• Focus groups.
  • Needs survey of community.

learning plan needs to be developed as part of the care plan with the participative involvement of the patient to incorporate his/her learning objectives and set out achievable and realistic short-term and long-term goals57. This is achieved through:

  • Collaborative goal setting.
  • Processes appropriate to the culture of the individual with diabetes or the community.
  • A clear and full explanation of options and choices available to the individual with diabetes.
  • The team members respect the individual with diabetes making decisions that, even if they do not agree with the decision.
  • Identification of resources needed to support healthy living with diabetes.

An effective education plan reflects an effective integration of:

  • Current principles and practices for diabetes care and education.
  • Flexibility in approaches to teaching and learning.
  • Physical, psychosocial, cultural and socioeconomic issues related to the person or community that impact on diabetes care.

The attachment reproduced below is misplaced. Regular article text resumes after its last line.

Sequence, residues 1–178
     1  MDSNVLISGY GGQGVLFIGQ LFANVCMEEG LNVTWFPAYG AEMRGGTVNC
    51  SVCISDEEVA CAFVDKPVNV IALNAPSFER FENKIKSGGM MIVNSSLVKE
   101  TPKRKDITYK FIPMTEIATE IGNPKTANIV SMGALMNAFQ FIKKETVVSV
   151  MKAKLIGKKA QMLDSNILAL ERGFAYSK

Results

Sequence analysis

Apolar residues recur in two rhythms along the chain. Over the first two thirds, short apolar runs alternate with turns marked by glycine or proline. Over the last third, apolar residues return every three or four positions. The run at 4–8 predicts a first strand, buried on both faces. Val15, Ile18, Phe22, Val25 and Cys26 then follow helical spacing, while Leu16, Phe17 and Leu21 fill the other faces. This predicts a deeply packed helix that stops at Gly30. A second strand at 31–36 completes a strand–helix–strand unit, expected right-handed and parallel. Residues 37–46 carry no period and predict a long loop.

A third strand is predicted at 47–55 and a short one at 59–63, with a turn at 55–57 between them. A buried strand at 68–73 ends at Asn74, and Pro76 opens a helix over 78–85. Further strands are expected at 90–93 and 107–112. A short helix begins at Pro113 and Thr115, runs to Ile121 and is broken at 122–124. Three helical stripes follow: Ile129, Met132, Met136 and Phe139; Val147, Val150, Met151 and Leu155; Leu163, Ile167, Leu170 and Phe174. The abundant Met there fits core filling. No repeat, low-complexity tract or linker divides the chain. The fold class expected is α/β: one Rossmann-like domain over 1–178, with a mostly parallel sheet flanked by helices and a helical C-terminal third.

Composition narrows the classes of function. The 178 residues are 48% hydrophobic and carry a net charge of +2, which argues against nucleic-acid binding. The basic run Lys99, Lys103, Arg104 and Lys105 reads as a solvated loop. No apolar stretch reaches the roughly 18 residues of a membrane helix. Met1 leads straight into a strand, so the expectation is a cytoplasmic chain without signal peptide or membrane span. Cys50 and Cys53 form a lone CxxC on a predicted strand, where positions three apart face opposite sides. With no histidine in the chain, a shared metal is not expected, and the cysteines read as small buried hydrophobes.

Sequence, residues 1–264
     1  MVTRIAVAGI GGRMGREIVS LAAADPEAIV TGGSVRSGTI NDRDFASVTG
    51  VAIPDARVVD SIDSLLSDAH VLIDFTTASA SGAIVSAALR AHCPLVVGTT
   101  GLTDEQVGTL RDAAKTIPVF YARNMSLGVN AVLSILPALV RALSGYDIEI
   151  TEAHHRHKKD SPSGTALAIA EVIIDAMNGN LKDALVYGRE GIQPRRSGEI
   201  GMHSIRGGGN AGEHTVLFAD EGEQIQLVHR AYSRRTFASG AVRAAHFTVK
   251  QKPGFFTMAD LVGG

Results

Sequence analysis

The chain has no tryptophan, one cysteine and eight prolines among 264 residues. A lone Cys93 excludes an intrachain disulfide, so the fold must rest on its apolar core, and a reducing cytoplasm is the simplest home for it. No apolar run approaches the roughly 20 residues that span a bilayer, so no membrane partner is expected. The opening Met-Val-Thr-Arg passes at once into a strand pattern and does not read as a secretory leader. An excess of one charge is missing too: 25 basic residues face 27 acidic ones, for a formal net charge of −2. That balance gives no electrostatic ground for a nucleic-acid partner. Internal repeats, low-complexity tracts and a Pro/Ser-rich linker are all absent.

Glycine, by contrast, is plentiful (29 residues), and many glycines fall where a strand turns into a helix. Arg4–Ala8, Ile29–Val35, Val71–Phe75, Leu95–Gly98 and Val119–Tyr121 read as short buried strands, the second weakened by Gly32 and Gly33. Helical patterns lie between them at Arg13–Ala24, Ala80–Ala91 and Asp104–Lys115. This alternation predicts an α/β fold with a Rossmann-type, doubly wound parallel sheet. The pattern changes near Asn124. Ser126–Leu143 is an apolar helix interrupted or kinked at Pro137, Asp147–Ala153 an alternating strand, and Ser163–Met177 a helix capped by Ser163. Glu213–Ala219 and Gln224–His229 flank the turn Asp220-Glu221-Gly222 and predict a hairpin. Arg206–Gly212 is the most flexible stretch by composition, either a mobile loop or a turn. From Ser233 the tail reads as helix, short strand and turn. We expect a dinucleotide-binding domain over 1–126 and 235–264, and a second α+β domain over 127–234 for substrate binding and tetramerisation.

Evaluation – Measuring effects of educational interventions

‘Evaluation’ refers to the collection and analysis of data on groups of patients to describe and improve programmed functioning, whereas ‘assessment’ involves an analysis of individual patients to customize treatment to meet individual needs.

The effectiveness and quality of diabetes education should be evaluated regularly by well-designed audit projects or research studies assessing outcomes that the intervention explicitly targets for change. Services would then have to be revised as needed in order to ensure the quality control of any educational intervention. Interventions would have to show favorable effects on both metabolic and behavioral control to be deemed as cost-effective.

Processes/methods should be in place from the beginning of the intervention to get feedback between the patient and the team providing the education regarding the individual’s progress towards the achievement of identified learning goals. Evaluation can be performed on first contact, as part of routine care visits, by direct enquiry and as part of annual review.

It is important to evaluate the effect of educational interventions over a long follow-up period of a minimum of one year in order to ascertain whether initial improvements, if any, are sustained in the long-term.

Outcomes, which could be evaluated: